Wednesday, April 4, 2007

VoIP Peering Panel at Spring VON

Spring VON in San Jose was a very good show - the VoIP market is looking very positive. It has taken me two weeks to follow-up on actions items from customer prospects and get back to routine matters such as blogging.

One of the VON sessions I found most interesting was the panel discussion on IP Voice Peering. The panelists came from a good cross section of companies (iBasis, NeuStar, Ag Projects, XConnect and Arbinet) and each had there own unique perspective on peering. Some of the interesting points from the discussion were:

1. Public ENUM is dead. Many in the industry have pushed for the idea that all telephone numbers with SIP access should be included in a public ENUM directory to enable peer to peer calling. This is an appealing idea for VoIP users because it would eliminate telephone companies and enable global peer to peer VoIP calling free of telecom access charges. While the public ENUM concept makes sense, there are too many political and market sources determined to keep it from happening. Perhaps the panel agreed Public ENUM is dead because it is a threat to their business.

2. The SPIDER Registry. No one wants to share their numbers. While everyone in the VoIP world complains that telcos are "Walled Gardens", or closed networks, the reality is that VoIP service providers are just as proprietary with their networks and customers. VoIP service providers do not want to share the telehone numbers of their customers with any third party. So how to you get broader VoIP peering adoptance if VoIP service providers will not disclose their telephone numbers? One well thought out solution appears to be the non-profit SPIDER registery created by Arbinet. VoIP service providers can list their numbers in the SPIDER registry and still maintain control over who can access those numbers. The SPIDER registry acts as a central provisioning mechanism for making VoIP numbers available to selected peering partners. The idea is good, but trust is still an issue. As expected, all the panelists were SPIDER sceptics since it has been created by Arbinet.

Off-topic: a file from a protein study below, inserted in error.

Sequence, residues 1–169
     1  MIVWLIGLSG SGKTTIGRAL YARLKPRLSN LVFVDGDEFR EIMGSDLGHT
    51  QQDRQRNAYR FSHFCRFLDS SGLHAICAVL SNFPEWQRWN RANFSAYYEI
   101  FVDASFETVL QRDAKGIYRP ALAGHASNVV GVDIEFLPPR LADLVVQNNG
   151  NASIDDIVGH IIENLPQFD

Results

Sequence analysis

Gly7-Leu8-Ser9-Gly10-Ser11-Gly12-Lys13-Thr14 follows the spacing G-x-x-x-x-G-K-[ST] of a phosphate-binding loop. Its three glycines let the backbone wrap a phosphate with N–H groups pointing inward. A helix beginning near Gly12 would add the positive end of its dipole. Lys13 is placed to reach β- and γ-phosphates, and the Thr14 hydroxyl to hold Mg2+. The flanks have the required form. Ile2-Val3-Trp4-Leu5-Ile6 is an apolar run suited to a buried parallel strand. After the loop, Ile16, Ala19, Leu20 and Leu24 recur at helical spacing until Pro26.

3. VoIP peering depends on the "call context". This an interesting new term that means call routing, or peering, depends on who is calling who and when. Ah-ha, so VoIP peering is not just as simple as connecting to VoIP users. VoIP peering depends on a variety of issues such as competition between peers, accounting and settlement, and technical interoperability. The panel agreed that one of the great drawbacks of ENUM is that it cannot convey "call context". ENUM only conveys the called number. To determine peering partners for a call, the calling and called numbers, source IP address, VoIP protocol, service type and many other factors must be known. As the VoIP peering market develops, we expect implementations of the OSP supported VoIP peering will grow since this well established ETSI protocol already addresses all of these "call context" requirements.

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